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Mass rally honors Copenhagen attack victims

February 16, 2015

Tens of thousands of Danes have attended a memorial rally in Copenhagen for the two victims killed in twin shootings on the weekend. The gathering took place near the scene of the first attack.

Gedenkveranstaltung in People hold candles during a memorial service is held for those killed on Saturday by a 22-year-old gunman, in Copenhagen February 16, 2015. Danish police said on Monday they had charged two people with aiding the man suspected of shooting dead two people in attacks on a synagogue and an event promoting free speech in Copenhagen at the weekend. The shootings, which Danish Prime Minister Helle Thorning-Schmidt called acts of terrorism, sent shockwaves through Denmark and have been compared to the January attacks in Paris by Islamist militants that killed 17. REUTERS/Hannibal Hanschke
Image: Reuters/Hanschke

Speaking at Monday's rally, Danish Prime Minister Helle Thorning-Schmidt told the crowd that Denmark's "sense of community" would enable the country to overcome the threat posed by people "who want to harm us."

"It is a threat we will defend ourselves against through the strength that grows out of our sense of community," she said.

In view of the fact that a Jewish man was one of the victims, Thorning-Schmidt emphasized that Denmark stood with the Jewish community.

"Tonight, I want to tell all Danish Jews: You are not alone. An attack on the Jews of Denmark is an attack on Denmark, on all of us," she said.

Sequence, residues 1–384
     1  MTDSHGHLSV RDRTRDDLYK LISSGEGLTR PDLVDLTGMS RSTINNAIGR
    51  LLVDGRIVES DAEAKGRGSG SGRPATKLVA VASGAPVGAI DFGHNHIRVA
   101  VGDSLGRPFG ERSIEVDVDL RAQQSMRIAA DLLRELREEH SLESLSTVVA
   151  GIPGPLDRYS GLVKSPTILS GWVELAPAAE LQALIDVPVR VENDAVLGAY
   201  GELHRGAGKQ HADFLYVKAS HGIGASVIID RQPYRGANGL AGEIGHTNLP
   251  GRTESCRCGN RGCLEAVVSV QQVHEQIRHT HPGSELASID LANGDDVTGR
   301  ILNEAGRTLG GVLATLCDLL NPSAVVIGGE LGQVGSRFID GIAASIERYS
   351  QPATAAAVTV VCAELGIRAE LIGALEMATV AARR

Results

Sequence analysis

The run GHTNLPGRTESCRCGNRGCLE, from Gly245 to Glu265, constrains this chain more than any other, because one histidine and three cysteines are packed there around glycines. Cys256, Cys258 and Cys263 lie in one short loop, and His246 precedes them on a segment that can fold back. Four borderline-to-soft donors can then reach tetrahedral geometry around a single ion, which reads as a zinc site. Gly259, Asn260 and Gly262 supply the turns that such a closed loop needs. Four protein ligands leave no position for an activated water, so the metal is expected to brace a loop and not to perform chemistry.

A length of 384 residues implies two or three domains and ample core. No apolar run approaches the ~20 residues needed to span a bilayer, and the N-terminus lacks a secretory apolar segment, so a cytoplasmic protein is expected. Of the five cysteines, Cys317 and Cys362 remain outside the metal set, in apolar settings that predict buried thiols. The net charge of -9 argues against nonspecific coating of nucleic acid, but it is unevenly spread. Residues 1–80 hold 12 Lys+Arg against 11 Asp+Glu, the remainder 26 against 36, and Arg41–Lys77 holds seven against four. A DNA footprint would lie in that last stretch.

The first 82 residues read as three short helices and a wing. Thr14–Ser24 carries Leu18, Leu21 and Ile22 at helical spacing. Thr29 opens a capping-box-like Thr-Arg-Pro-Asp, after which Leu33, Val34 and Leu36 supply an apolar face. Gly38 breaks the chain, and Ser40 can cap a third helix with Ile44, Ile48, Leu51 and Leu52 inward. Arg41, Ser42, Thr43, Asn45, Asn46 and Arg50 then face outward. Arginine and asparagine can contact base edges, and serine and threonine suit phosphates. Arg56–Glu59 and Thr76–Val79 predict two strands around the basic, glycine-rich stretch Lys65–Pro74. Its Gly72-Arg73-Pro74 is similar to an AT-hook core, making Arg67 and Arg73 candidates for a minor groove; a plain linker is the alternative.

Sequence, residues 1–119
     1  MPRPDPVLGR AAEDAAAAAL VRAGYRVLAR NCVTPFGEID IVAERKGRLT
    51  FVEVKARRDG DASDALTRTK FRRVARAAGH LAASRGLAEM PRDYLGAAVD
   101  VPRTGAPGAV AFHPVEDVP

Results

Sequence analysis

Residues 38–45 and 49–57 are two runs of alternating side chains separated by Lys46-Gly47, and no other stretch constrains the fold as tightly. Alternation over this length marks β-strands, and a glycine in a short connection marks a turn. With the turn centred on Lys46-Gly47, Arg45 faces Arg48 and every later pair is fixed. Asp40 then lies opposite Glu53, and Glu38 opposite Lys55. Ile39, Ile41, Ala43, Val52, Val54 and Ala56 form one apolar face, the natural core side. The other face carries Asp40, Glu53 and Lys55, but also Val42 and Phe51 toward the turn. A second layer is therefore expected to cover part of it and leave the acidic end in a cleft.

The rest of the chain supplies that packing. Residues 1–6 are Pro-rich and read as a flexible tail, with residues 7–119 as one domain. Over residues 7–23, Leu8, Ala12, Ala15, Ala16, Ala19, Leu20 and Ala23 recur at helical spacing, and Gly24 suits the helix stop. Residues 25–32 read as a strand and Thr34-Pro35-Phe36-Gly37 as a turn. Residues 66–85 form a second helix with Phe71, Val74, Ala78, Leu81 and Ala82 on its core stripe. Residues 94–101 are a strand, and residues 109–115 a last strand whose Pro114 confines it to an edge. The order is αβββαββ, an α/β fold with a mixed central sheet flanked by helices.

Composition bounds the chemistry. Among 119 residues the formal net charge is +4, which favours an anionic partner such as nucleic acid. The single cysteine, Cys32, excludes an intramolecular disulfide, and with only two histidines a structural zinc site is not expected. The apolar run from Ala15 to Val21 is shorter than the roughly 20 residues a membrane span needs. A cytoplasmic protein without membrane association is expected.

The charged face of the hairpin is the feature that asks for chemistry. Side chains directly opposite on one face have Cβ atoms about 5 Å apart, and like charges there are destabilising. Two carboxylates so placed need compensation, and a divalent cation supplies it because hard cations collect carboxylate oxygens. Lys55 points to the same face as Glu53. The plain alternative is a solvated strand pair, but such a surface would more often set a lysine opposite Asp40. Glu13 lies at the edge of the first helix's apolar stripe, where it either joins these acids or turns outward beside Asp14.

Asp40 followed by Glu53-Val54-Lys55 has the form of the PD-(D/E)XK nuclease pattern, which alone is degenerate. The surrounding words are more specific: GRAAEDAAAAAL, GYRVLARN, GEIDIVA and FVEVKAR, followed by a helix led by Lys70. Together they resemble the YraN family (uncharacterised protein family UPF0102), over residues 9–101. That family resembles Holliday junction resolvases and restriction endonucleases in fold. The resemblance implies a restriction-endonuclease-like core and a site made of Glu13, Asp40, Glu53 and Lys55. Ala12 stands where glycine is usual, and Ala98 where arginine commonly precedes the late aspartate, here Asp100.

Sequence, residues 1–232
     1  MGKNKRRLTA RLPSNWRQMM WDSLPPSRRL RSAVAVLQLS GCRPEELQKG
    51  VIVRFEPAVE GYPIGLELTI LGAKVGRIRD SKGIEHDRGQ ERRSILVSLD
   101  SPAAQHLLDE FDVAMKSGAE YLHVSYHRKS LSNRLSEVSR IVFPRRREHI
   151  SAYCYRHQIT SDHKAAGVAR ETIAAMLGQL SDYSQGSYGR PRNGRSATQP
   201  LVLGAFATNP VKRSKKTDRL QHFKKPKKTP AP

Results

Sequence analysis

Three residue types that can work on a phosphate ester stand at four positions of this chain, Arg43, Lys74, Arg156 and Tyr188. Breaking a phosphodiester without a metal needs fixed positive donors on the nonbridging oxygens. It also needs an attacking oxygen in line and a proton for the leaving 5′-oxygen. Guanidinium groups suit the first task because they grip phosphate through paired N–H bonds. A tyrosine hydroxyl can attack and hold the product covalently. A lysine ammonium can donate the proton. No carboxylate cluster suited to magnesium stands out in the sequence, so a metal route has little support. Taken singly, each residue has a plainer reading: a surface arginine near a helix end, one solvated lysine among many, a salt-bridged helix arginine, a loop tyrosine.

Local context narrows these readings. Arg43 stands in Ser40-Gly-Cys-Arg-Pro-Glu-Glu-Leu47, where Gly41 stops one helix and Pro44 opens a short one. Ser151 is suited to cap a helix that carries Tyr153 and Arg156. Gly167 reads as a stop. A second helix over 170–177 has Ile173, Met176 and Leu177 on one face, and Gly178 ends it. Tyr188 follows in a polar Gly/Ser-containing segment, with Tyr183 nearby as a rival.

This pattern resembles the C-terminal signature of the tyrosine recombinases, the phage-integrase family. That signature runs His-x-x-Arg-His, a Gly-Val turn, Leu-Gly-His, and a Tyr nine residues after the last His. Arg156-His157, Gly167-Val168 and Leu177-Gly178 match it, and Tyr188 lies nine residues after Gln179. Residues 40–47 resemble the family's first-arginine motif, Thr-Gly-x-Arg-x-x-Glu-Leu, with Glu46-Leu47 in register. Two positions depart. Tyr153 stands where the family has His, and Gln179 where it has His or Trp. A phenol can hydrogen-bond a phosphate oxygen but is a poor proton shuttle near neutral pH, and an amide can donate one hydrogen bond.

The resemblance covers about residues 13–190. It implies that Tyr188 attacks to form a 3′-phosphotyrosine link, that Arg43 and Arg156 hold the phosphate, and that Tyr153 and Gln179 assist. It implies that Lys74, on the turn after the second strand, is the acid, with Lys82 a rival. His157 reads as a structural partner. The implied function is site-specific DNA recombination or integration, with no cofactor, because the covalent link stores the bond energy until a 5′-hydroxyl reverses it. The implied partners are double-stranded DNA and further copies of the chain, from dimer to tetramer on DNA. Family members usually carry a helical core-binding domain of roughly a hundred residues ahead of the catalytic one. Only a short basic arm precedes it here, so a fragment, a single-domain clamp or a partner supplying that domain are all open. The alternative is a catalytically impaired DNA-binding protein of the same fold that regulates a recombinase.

'Not a cell member'

On Saturday, a 22-year-old gunman opened fire on a cafe hosting a debate on art and free speech, killing a 55-year-old man later identified as documentary filmmaker Finn Noergaard. He then attacked a synagogue, killing a Jewish security guard.

The gunman was later himself killed in a shootout with police in front of his apartment in the neighborhood of Noerrebro, a district with a large immigrant population and a reputation for gun violence.

Police have not officially identified the gunman, but said there was no indication that he was part of a terrorist cell or had traveled to Syria or Iraq to receive training with jihadists. Two men have been arrested on suspicion of aiding the attacks.

Danish media have however named the attacker as Omar Abdel Hamid El-Hussein, a Dane with Palestinian roots who was well-known to police for violence and weapons violations.

Threatened Swedish artist

One of the speakers at the freedom of expression event that came under attack, Swedish artist Lars Vilks, has meanwhile been moved to an undisclosed location for security reasons, Swedish police said on Monday.

Vilks, who has received death threats for satirizing the Prophet Muhammad in cartoons, is presumed to have been the target of Saturday's attack. He escaped unharmed.

A police spokeswoman said that Vilks, who has been under police protection, was moved because "the security situation has taken on a completely new dimension."

"For security reasons, Lars Vilks can no longer live in his house and is at an undisclosed location," she told Swedish Radio.

tj/msh (dpa, Reuters, AFP)

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